What happened next was that the House amended the amended Ag/Environment bill, putting the agreed-upon language back into the bill. The MacNamara Amendment passed by a 73-52 vote:

After the amendment passed, the House passed the bill by a 78-47 margin. Shortly thereafter, Speaker Daudt issued this statement:

“This is a responsible bill that meets the needs of our state agencies such as the Department of Natural Resources and the Minnesota Board of Water and Soil Resources,” said State Representative Denny McNamara (R-Hastings), who chairs the Minnesota House Environment and Natural Resources Policy and Finance Committee. “The bill also includes a number of policy reforms and initiatives that have bipartisan support.”

After the Senate changed the agreed-upon language of the legislation, the House moved to restore the original language. “By passing this legislation, we are honoring the commitment we made to Minnesotans with the four legislative leaders and the governor. Now the Senate has the opportunity to do the right thing and send this bill to the governor,” said House Speaker Kurt Daudt (R-Crown).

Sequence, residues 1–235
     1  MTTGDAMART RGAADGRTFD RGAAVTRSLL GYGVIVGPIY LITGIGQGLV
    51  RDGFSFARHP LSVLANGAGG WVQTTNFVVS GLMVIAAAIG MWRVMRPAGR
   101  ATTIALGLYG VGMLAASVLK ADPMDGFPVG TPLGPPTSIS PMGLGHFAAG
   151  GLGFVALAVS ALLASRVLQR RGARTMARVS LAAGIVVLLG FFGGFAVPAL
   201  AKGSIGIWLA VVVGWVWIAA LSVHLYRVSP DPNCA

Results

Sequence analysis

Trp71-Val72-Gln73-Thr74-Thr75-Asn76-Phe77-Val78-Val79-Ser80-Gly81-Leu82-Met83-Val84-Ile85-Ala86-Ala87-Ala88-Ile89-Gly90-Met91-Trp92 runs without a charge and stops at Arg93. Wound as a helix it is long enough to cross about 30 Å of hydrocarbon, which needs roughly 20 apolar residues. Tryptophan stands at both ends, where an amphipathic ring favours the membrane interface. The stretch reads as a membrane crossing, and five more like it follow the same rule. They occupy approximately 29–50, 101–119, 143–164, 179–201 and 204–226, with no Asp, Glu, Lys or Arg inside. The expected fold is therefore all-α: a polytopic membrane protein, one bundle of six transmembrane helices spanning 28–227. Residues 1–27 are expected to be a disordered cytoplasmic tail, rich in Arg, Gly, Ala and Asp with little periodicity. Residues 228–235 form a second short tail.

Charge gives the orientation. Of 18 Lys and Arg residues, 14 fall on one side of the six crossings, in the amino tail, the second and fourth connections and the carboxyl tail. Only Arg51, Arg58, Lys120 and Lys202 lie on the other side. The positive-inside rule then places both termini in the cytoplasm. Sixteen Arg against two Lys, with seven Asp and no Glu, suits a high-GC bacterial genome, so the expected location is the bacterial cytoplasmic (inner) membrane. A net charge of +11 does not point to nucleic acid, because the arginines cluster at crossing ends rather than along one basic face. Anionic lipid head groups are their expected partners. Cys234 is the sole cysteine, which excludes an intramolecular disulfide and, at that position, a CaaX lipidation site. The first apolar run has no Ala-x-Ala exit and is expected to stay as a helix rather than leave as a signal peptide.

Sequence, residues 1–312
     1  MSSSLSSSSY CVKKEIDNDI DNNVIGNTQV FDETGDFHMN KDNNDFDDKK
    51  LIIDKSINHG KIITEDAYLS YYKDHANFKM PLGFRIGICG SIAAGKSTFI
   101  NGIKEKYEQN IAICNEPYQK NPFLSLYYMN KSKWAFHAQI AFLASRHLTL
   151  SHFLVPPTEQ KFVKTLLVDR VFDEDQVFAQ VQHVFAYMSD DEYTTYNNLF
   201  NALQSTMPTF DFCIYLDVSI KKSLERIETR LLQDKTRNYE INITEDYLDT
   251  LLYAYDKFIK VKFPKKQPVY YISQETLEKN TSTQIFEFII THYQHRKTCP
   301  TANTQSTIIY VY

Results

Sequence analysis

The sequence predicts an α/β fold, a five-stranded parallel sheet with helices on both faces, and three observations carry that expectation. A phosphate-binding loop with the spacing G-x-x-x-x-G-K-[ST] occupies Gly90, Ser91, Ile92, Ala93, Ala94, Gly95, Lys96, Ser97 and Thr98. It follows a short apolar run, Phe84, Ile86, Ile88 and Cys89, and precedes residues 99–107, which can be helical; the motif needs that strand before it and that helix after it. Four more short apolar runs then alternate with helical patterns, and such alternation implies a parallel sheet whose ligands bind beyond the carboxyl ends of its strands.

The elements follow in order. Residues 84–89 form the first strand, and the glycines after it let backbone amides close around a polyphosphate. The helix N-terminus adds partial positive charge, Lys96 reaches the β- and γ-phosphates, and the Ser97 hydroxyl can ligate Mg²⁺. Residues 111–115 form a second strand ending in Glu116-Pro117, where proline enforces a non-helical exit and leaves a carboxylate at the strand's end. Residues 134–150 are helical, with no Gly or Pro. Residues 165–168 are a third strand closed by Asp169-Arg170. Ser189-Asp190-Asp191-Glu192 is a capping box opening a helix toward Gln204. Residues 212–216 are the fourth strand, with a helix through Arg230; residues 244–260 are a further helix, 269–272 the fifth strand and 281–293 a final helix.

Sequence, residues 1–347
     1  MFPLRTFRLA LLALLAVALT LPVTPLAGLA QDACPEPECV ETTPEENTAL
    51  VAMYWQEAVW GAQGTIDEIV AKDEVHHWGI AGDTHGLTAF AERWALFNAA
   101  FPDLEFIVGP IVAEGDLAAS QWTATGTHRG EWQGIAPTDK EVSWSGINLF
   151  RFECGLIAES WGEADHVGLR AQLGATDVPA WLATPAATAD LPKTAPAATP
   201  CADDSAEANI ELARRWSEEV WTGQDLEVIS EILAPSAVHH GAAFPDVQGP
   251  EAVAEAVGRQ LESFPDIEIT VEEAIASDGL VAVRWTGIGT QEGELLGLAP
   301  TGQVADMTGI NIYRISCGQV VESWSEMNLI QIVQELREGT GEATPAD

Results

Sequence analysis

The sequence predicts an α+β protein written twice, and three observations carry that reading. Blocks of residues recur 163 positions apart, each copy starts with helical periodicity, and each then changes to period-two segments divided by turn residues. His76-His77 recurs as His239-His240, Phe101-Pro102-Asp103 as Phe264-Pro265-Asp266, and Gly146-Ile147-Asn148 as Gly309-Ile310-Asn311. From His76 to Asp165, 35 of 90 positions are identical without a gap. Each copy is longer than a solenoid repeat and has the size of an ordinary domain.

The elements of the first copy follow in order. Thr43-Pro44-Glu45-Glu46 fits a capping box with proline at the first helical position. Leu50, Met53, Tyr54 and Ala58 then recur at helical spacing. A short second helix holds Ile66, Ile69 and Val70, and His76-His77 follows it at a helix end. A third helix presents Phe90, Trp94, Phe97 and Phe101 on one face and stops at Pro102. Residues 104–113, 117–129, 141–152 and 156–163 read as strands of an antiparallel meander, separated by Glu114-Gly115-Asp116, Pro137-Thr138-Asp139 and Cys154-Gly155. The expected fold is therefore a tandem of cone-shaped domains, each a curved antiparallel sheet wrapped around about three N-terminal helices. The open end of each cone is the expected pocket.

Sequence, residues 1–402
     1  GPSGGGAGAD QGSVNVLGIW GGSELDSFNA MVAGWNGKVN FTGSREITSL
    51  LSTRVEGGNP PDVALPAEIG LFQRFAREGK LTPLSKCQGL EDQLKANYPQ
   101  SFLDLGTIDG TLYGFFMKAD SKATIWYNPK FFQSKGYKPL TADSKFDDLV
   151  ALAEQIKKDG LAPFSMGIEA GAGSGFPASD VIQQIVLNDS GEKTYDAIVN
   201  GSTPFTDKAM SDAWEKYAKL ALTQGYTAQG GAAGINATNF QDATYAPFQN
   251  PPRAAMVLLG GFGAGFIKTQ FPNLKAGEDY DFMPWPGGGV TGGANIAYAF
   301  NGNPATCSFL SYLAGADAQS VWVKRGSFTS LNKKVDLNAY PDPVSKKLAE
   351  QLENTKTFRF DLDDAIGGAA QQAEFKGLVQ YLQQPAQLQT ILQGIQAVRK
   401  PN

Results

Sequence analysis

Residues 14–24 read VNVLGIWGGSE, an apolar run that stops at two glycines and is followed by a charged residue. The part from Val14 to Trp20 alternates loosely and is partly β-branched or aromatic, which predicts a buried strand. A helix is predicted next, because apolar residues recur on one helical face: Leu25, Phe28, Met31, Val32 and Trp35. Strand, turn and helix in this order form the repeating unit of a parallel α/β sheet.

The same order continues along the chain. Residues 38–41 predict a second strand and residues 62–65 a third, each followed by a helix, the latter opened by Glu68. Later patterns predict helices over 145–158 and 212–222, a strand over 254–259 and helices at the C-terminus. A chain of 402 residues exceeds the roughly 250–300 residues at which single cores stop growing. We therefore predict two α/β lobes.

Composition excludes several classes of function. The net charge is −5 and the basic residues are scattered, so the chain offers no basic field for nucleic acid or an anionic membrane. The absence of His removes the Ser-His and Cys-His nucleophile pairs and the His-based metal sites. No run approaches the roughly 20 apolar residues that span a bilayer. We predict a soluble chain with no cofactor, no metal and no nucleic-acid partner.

“When this bill becomes law, Minnesota will be able to continue to protect and preserve its food supply, make needed investments in research, and have the funds necessary to respond to the avian flu outbreak.” said State Representative Rod Hamilton (R-Mountain Lake), chair of the Minnesota House Agriculture Finance Committee.

The legislation funds state agencies such as the Department of Agriculture, the Agriculture Utilization Research Institute, the Board of Animal Health, Pollution Control Agency (MPCA), Minnesota Zoo, Department of Natural Resources (DNR), Metropolitan Council – Regional Parks, Minnesota Conservation Corps, Board of Soil and Water Resources (BWSR), and the Science Museum of Minnesota for the 2016-17 budget cycle.